SEC sues Kraken but momentum is on the side of crypto as Ripple’s XRP comes out clean
“We allege that Kraken made a business decision to reap hundreds of millions of dollars from investors rather than coming into compliance with the securities laws. That decision resulted in a business model rife with conflicts of interest that placed investors’ funds at risk. Kraken’s choice of unlawful profits over investor protection is one we see far too often in this space, and today we’re both holding Kraken accountable for its misconduct and sending a message to others to come into compliance.”
The Securities and Exchange Commission (SEC) has charged Payward Inc. and Payward Ventures Inc., collectively known as Kraken, for operating their crypto trading platform as an unregistered securities exchange, broker, dealer, and clearing agency.
This charge stems from activities dating back to at least September 2018. The SEC’s complaint alleges that Kraken has been unlawfully facilitating the buying and selling of crypto asset securities, generating hundreds of millions of dollars in the process.
Kraken’s response to the SEC’s complaint asserts their disagreement with the allegations and their intention to vigorously defend their position in court as did Ripple Labs since December 2020 with much success.
SEC claims Kraken commingles customer funds with its own
Kraken’s operations have reportedly combined the traditional services of an exchange, broker, dealer, and clearing agency without the requisite registration with the SEC. This alleged failure to register has deprived investors of critical protections, including SEC inspections, recordkeeping requirements, and safeguards against conflicts of interest. The SEC’s complaint highlights several specific functions of Kraken’s platform, including:
Operating as an Exchange: Kraken is said to provide a marketplace that unites orders for securities from multiple buyers and sellers, using established, non-discretionary methods under which these orders interact.
Operating as a Broker: It is alleged to engage in effecting securities transactions for Kraken customers’ accounts.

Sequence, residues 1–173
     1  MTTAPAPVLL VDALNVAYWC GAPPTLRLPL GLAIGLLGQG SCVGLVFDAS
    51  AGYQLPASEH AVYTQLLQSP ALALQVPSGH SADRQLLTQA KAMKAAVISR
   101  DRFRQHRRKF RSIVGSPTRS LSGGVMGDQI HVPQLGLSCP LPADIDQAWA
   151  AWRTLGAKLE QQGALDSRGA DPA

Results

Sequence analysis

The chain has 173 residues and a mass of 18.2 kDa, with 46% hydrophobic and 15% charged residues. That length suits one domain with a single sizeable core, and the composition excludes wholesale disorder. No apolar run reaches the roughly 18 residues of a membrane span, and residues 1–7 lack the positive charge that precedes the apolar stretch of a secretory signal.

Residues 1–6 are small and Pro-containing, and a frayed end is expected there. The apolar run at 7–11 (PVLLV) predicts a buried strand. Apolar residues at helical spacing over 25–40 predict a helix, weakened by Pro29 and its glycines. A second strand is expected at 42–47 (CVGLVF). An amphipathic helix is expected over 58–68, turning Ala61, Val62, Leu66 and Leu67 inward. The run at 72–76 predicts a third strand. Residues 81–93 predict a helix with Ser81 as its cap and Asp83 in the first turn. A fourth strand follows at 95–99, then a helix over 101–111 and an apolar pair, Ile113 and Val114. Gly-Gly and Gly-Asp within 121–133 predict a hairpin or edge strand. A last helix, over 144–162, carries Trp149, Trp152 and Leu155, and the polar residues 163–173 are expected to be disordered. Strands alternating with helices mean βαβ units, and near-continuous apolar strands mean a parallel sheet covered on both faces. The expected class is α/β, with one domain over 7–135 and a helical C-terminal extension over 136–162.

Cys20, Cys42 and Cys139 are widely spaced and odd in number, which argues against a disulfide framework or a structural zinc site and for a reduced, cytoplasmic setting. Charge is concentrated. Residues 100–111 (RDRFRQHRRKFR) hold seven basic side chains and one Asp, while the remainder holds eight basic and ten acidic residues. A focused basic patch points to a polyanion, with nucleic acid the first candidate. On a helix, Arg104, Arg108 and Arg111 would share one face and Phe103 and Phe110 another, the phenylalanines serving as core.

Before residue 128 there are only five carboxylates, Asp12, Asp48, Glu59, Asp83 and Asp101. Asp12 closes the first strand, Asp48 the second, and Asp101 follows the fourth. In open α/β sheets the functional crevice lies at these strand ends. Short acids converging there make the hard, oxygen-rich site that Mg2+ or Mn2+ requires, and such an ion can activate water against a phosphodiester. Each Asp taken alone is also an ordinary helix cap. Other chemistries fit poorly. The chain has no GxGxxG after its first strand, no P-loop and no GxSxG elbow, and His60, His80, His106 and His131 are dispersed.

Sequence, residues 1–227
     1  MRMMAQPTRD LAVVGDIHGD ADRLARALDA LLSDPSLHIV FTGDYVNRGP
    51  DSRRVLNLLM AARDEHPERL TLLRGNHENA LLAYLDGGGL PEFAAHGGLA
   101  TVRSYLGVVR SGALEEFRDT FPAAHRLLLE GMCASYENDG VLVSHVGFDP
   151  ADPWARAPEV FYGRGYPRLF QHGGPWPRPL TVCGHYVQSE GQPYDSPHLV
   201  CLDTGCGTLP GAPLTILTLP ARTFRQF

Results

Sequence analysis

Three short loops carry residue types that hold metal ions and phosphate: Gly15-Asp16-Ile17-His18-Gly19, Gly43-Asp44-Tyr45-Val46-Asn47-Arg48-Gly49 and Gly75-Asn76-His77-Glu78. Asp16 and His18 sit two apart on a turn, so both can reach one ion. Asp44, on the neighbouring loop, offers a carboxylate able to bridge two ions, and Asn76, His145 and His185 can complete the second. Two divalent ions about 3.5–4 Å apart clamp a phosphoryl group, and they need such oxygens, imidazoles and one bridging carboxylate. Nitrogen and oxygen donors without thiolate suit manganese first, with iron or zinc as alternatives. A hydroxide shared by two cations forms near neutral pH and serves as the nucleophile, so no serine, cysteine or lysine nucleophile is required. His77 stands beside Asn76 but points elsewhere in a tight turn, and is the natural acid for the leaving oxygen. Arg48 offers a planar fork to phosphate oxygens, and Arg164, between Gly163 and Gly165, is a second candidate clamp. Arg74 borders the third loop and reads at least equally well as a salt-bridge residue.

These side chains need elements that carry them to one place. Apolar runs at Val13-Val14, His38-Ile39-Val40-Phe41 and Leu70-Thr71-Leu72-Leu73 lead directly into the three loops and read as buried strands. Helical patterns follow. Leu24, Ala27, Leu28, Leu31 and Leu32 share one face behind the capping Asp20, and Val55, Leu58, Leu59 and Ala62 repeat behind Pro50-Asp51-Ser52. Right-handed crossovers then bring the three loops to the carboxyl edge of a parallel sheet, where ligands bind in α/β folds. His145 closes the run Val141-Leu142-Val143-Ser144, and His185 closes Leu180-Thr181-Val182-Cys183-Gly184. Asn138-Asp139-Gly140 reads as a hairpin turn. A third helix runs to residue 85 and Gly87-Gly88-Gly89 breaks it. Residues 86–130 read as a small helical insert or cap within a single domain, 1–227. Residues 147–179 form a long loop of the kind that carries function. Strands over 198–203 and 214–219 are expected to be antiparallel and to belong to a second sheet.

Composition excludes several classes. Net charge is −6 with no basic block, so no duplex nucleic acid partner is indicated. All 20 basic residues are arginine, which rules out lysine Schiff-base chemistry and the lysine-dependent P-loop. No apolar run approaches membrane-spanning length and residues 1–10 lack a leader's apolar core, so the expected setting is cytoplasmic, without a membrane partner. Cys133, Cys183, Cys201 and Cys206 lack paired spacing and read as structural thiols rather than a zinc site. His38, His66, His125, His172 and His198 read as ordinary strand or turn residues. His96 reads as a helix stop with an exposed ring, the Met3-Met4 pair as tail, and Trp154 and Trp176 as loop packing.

Operating as a Dealer: Kraken purportedly buys and sells securities for its own account, without an applicable exception.
Operating as a Clearing Agency: It reportedly serves as an intermediary in settling transactions in crypto asset securities by Kraken customers and acts as a securities depository.
The SEC also points out several risks associated with Kraken’s business practices, including deficient internal controls and poor recordkeeping. Kraken allegedly commingles its customers’ money and crypto assets with its own, which, as per the complaint, poses a significant risk of loss to its customers.
According to Gurbir S. Grewal, Director of the SEC’s Division of Enforcement, Kraken prioritized unlawful profits over investor protection, leading to a business model with conflicts of interest that put investors’ funds at risk. “We allege that Kraken made a business decision to reap hundreds of millions of dollars from investors rather than coming into compliance with the securities laws. That decision resulted in a business model rife with conflicts of interest that placed investors’ funds at risk. Kraken’s choice of unlawful profits over investor protection is one we see far too often in this space, and today we’re both holding Kraken accountable for its misconduct and sending a message to others to come into compliance.”
The SEC’s complaint, filed in a federal district court in San Francisco, asserts that Kraken violated the registration provisions of the Securities Exchange Act of 1934. The Commission seeks injunctive relief, conduct-based injunctions, disgorgement of ill-gotten gains with interest, and penalties. Earlier in the year, Kraken agreed to stop offering or selling securities through crypto asset staking services or programs and paid a civil penalty of $30 million.
Kraken not afraid of the SEC. Business as usual
Kraken has addressed its clients and global audience with a defiant response: “Today’s news has no impact on the products we offer and we will continue to provide services to our clients without interruption. We remain fully committed to our U.S. and global clients and partners.
The crypto exchange points out that the SEC’s complaint does not allege fraud, market manipulation, customer losses due to hacking, compromised security, or breaches of fiduciary duty.
They argue that the SEC’s claim that Kraken’s digital assets are “investment contracts” requiring special securities licenses is incorrect legally, factually, and problematic in terms of policy. Kraken also refutes the SEC’s commingling allegation, stating that it only involves the use of fees already earned. Kraken criticizes the SEC’s approach towards digital asset trading platforms, highlighting the lack of clear regulatory guidelines or legal provisions for operating as a securities exchange, broker-dealer, or clearing agency in the context of digital assets.